Dogs don’t know any better, so as far as they’re concerned, if you’re eating something then they probably want it. Our puppy pals will beg for the salad you’re eating, spit it out when you offer them a nice healthy piece of lettuce and then continue to beg for the same food they just discovered they don’t like because the next bite might be tastier.
They’re opportunistic and will take a gamble that you have something better to offer them. This is exactly why it’s so important to keep your pup safe this Halloween, as they have no idea what foods to avoid, especially when many things they shouldn’t eat still taste so good. It’s up to you as a pup parent to make sure anything they shouldn’t touch should be out of the way.
It might feel like every season and every single occasion you’re being reminded of this golden rule but chocolate seems to work its way into every one of our events and is the main culprit for having to rush our beloved pets to the vet when they’ve eaten something they shouldn’t. The fact that dogs absolutely love the taste of something that is so toxic to them just makes the lives of all doggy guardians that much harder. It’s sweet, they love the milk content but it also contains theobromine which is highly toxic to our canine companions.
Until you have a dog, you might not notice just how hard it is to avoid chocolate. If your pooch is dead set on getting themselves a bite, you can get them their own chocolate treat! Rosewood Dog Safe Chocolate Drops
contain all the goodness of chocolate with none of the cocoa powder, meaning it’s perfectly safe for your pup! If you want to avoid a trip to the vet then keep any human chocolate safely out of the way but they can have their own little treat instead.
Nobody can trick themselves into thinking that bucket loads of sweets on Halloween night is good for them. Our brains are powered by glucose which means we generally love sweet foods and are drawn to them but there is such a thing as too much of a good thing. For our pups, that threshold is much lower as sugar can be the cause of a number of nasty ailments. Just like in humans, it can cause obesity which leads to all kinds of joint issues. Diabetes and pancreatitis are just a few more that too much sugar has been linked to. While we understand the risks, our beloved pets don’t understand that eating sugary food can lead to daily jabs later in life just to manage their insulin levels.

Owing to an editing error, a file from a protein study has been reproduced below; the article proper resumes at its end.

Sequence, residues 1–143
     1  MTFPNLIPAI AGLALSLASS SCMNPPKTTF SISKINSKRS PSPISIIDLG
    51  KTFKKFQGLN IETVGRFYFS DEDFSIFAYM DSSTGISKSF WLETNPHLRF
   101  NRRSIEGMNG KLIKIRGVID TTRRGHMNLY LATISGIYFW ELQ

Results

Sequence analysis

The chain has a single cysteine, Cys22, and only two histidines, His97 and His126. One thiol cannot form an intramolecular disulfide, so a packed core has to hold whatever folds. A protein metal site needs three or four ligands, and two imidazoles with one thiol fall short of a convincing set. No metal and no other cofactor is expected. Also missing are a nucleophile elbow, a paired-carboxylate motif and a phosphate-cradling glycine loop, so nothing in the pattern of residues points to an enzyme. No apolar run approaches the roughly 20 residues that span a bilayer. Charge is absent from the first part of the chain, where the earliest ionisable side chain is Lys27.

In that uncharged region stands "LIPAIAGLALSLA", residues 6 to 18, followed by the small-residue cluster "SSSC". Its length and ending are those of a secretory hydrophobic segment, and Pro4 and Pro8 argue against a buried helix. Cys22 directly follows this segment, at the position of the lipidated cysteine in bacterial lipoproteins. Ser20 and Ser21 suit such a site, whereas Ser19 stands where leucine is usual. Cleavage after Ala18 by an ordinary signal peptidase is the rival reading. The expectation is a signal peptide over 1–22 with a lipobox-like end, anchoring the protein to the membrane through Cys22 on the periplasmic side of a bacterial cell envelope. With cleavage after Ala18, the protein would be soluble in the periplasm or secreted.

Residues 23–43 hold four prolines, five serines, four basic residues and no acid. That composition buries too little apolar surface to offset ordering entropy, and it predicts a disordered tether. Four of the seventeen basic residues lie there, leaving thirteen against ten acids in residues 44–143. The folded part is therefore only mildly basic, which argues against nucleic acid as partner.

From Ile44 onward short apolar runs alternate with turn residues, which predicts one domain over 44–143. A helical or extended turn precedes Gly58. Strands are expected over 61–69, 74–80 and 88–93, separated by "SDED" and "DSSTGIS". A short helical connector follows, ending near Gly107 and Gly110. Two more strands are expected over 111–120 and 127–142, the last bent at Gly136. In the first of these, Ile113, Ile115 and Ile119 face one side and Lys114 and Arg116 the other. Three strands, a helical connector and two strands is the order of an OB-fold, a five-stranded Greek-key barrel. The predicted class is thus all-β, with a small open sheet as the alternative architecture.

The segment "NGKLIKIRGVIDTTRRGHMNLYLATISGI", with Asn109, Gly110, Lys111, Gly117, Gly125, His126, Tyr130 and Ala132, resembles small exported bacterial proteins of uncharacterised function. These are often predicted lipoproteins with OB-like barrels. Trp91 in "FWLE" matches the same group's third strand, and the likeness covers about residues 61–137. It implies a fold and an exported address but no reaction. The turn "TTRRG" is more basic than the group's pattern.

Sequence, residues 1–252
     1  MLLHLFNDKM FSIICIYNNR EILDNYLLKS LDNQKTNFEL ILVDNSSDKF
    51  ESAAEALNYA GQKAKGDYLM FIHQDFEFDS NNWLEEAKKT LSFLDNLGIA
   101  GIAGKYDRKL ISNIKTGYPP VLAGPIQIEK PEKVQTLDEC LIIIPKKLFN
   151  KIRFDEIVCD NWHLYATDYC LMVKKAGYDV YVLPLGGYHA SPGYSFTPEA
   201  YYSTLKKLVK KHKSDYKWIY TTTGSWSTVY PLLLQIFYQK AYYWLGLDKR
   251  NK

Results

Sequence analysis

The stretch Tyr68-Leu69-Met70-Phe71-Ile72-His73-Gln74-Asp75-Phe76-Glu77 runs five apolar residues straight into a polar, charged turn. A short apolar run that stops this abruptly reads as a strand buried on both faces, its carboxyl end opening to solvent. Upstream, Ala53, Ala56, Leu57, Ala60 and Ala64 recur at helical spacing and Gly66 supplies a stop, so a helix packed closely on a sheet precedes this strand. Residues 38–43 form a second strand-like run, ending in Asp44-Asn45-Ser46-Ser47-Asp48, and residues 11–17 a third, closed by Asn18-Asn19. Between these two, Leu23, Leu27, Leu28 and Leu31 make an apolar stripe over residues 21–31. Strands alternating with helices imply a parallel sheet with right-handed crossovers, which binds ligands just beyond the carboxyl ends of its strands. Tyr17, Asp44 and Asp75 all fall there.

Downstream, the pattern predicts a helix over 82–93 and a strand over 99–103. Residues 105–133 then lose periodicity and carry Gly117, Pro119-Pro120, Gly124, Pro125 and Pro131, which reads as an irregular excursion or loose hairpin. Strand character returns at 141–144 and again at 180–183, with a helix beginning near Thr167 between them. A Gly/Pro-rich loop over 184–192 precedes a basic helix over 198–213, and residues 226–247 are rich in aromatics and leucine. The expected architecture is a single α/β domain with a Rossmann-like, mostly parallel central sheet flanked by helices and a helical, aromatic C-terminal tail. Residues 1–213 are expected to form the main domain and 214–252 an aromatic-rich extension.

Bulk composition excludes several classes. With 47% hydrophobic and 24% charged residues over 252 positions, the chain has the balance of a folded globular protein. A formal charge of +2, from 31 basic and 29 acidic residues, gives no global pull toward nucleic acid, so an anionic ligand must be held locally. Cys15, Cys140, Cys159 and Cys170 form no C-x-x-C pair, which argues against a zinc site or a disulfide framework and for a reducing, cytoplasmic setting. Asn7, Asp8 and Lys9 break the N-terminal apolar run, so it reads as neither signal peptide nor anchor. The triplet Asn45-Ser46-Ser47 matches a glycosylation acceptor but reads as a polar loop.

Another risk when it comes to sweet foods are the wrappers. You might not even notice that you have a four-legged thief on your hands until you realise there are sweets missing from the bowl. Considering many Halloween treats come individually wrapped, the wrappers pose a threat too. Dogs won’t often take the time to unwrap any goodies they’ve gotten their paws on, they’ll eat everything including the wrappers which can lead to some nasty blockages that may require surgery to fix.
You might think you’re better off giving your pooch some treats that contain no sugar to avoid all those nasty ailments that can develop as a result but sugar-free doesn’t always mean risk free. Many sugar-free treats are still sweet foods for us and we use sweeteners to give them the sweet taste our brains crave. Sweetener will often contain an artificial sweetener and one that pup parents need to look out for is xylitol. It means fewer calories for us, but it’s toxic to our furry family members so under no circumstances should they be eating anything sugar-free.
If you’re looking for something sweet as a treat for your pup but are worried about any sweeteners then Peamutt Butter for Dogs
is an excellent choice and perfectly safe for your pooch!
Raisins and grapes
For those who are trying to be a little healthier this Halloween with the snack boxes of grapes to give out to trick or treaters or just munch on them while you wait, you should never allow your pup to have a raisin, not even one. For the longest time, we were unable to pinpoint what exactly makes grapes and raisins so toxic to our beloved pets but they were found to contain tartaric acid in very high concentrations which canine species have all shown sensitivity to. Just a few grapes can lead to renal failure in our furry family members or even just a single grape if they’re only small.
While raisins might be a healthy alternative for us, they should be kept away from our four-legged friends.